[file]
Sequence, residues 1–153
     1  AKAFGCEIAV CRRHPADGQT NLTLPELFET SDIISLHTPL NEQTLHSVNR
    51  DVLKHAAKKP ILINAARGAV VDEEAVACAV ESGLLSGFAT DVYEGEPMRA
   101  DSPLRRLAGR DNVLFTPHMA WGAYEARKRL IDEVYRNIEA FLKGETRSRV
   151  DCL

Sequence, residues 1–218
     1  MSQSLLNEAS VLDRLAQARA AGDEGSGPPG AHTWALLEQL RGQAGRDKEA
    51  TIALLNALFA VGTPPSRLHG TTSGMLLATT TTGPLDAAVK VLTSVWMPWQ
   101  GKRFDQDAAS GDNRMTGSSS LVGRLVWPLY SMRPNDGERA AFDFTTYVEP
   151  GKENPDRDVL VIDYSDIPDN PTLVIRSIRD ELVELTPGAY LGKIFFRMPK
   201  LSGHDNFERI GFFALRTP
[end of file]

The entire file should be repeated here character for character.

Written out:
Sequence, residues 1–153
     1  AKAFGCEIAV CRRHPADGQT NLTLPELFET SDIISLHTPL NEQTLHSVNR
    51  DVLKHAAKKP ILINAARGAV VDEEAVACAV ESGLLSGFAT DVYEGEPMRA
   101  DSPLRRLAGR DNVLFTPHMA WGAYEARKRL IDEVYRNIEA FLKGETRSRV
   151  DCL

Sequence, residues 1–218
     1  MSQSLLNEAS VLDRLAQARA AGDEGSGPPG AHTWALLEQL RGQAGRDKEA
    51  TIALLNALFA VGTPPSRLHG TTSGMLLATT TTGPLDAAVK VLTSVWMPWQ
   101  GKRFDQDAAS GDNRMTGSSS LVGRLVWPLY SMRPNDGERA AFDFTTYVEP
   151  GKENPDRDVL VIDYSDIPDN PTLVIRSIRD ELVELTPGAY LGKIFFRMPK
   201  LSGHDNFERI GFFALRTP